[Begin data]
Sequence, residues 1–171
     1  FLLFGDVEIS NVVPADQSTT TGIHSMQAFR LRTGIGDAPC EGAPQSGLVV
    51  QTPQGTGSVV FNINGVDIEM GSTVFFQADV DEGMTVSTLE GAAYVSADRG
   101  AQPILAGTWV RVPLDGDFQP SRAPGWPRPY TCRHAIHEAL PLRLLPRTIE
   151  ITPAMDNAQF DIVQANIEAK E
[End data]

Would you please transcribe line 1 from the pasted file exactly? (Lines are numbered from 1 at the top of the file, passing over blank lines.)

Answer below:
Sequence, residues 1–171